I think 154 pounds would trump 80 pounds of anything. Even when it's fluffy, any colour - and cute looking.

I think it really shows you that all breeds of dog need to be treated exactly the same. They should be treated based on their behaviour, and their owner's actions - not on their breed. It's so simple - maybe my brain is just too small and there's something I'm missing.

Down in Michigan - this week they're trying to decide whether to ban TEN breeds of dog. Talk about going from the ridiculous to the sublime.

To end this story - my coworker also said that when she was growing up her next door neighbour also had a pit bull - and it was one of the nicest dogs she'd ever known in her whole life - and her neighbour really treated the dog like shit, so much so that the dog used to run away - but still the dog stayed really nice and friendly and was a super dog - even though it was a pit bull. And I said to her - pit bull type dogs generally are a lovely dog - but they are like any other large breed dog - they need to be managed so that they don't get out of control and allowed to express any type of aggression - because that's when they get into trouble. No dog should be allowed to be aggressive in any way - whether they're a pit bull or a poodle.

It's too bad my coworker bought into the storyline of her cousin's "un-explainable" aggression as typical of all pit bulls rather than remembering the friendliness of her childhood pit bull memories. But that's the way our brain's work unfortunately.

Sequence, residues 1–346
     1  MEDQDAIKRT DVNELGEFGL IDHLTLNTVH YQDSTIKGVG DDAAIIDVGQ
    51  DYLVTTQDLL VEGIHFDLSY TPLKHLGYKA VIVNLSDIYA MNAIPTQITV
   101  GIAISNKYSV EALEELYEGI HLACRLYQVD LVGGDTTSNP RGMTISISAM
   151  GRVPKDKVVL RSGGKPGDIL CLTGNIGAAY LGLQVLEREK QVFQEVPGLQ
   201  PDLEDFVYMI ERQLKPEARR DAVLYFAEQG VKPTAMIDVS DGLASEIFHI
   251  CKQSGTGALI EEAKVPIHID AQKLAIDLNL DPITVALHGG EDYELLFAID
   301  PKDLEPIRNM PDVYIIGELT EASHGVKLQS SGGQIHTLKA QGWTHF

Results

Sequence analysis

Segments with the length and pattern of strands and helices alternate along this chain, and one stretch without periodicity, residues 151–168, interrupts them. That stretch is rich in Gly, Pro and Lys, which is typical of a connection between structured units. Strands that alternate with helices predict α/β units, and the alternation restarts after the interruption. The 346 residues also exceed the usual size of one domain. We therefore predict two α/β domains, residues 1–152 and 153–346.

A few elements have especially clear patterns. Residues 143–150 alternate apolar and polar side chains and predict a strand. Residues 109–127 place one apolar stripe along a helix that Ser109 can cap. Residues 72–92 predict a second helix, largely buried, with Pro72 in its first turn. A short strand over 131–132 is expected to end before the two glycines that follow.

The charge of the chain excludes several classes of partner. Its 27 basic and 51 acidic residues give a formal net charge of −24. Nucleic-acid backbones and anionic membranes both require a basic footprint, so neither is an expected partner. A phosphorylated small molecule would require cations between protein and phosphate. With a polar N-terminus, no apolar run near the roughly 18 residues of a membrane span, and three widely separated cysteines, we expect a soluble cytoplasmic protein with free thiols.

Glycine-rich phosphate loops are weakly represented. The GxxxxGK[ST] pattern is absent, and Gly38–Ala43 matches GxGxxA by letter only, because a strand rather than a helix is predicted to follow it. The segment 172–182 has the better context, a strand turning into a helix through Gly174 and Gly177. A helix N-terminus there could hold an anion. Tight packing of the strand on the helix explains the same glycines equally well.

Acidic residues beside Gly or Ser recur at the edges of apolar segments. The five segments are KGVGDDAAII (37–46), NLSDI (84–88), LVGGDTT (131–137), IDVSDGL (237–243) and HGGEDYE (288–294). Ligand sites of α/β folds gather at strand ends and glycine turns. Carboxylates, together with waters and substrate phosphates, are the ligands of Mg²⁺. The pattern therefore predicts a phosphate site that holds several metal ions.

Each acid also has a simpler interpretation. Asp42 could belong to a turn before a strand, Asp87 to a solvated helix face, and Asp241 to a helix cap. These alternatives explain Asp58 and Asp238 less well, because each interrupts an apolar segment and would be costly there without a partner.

Saginaw may restrict ten breeds of dogs

Saginaw’s City Council is considering an ordinance restricting “dangerous” dogs.

It would restrict the ten most statistically dangerous dogs according
to the CDC, including Pit Bulls, Rottweilers, German Shepherds,
Huskies, Alaskan Malamutes, Doberman Pinschers, Chow Chows, Great
Danes, St. Bernard’s, and Presa Canarios.

“Every year there are about a dozen people killed across the country,
often by these breeds,” said City councilman Dan Fitzpatrick.

He says his dog Otis is part German shepherd and would be restricted
under the ordinance. He says he realizes not all dogs of these breeds
are dangerous, but says statistically certain breeds are more
dangerous. He also says the point of the ordinance is to influence
dog owners to be more responsible.

Under the proposal owners of dangerous dogs would have to pay a $50
registration fee. The city would then provide them with a sign
warning they have such a dog. That sign would have to be placed on
their property. It would be a violation of the ordinance to walk a
“dangerous” dog without a muzzle.

“Owners need to be responsible, and we’re going to help them to be,”
says Fitzpatrick.

He says he has received numerous calls from unhappy dog owners. Many
fear the city will ban their dog. He says that is not part of the
plan. Violating the ordinance would mean a $100 fine for the first

The city council is also looking at an ordinance limiting the number
of dogs a resident can have to three. Violating this ordinance would
result in a $50 fine for the first offense.

“This isn’t just about protecting people, it is about protecting
dogs,” says Fitzpatrick.

He says the city has had an issue with dog fighting and these
ordinances could prevent that from happening.

City council is expected to look at the ordinance as soon as next
month. If approved, it could go into effect as soon as this April.


  1. Nothing makes me angrier than BSL. Okay, maybe puppy mills, but BSL is pretty high up there on my rant list. I have met many more aggressive chihuahuas than I have pit bulls or huskies. (Huskies?? Really??) But no one is suggesting we ban chihuahuas now are they? Of course not, as they shouldn't.